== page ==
For a long time scientists have tried to understand why glaciers in the Alps began retreating in the late 19th century — ending the Little Ice Age — even though slightly cooler temperatures than the previous century and ample snowfall means they should have kept growing.
New research suggests that black soot from coal used to heat homes and power factories during Europe’s period of rapid industrialisation beginning in the 1850s sped up the melting of glaciers, starting in 1865.
The findings were reported in the Sept. 2 issue of the journal Proceedings of the National Academy of Sciences.
The Little Ice Age was a period between the 14th and 19th centuries when glaciers expanded and the temperature dropped. After 1860, glaciers began retreat, but temperatures continued to drop and precipitation stayed the same. Scientists often believed this to be end of the Little Ice Age, even though glacier behaviour did not match temperature data.
Until now, most climatologists believed that the retreat of glaciers in the mid-1800s was “due to a natural climatic shift, distinct from the carbon dioxide-induced warming that came later in the 20th century,” study researcher Thomas Painter, a snow and ice scientist at NASA, said in a statement. “This result suggests that human influence on glaciers extends back to well before the industrial temperature increases.”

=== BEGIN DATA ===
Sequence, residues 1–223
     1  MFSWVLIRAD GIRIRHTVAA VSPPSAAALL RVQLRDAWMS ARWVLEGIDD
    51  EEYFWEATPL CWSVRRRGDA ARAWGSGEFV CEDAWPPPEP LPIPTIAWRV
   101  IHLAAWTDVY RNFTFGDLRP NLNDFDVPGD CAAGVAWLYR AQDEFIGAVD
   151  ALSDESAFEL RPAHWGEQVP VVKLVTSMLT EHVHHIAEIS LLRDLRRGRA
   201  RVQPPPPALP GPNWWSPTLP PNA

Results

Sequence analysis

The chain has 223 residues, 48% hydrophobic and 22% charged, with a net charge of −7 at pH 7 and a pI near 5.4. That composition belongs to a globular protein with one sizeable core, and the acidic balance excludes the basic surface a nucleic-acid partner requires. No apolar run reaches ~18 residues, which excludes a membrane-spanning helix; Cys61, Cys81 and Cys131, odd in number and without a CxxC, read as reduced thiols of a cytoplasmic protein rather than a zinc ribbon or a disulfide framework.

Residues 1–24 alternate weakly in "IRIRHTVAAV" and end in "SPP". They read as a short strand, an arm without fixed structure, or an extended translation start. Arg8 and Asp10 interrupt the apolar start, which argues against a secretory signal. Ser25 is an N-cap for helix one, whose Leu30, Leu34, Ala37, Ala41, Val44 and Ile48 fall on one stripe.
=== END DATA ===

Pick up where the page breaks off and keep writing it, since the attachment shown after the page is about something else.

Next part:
By studying ice cores from European mountain glaciers, researchers found that “black carbon concentrations increased abruptly in the mid-19th century and largely continued to increase into the 20th century, consistent with known increases in black carbon emissions from the industrialisation of Western Europe.”
When tiny particles landed on the lower slopes of glaciers, the black soot absorbed sunlight and heat (unlike the white ice, which reflects it), speeding up melting.
The scientists write in the paper that black carbon is “now considered to be the second most potent climate warmer behind carbon dioxide.”
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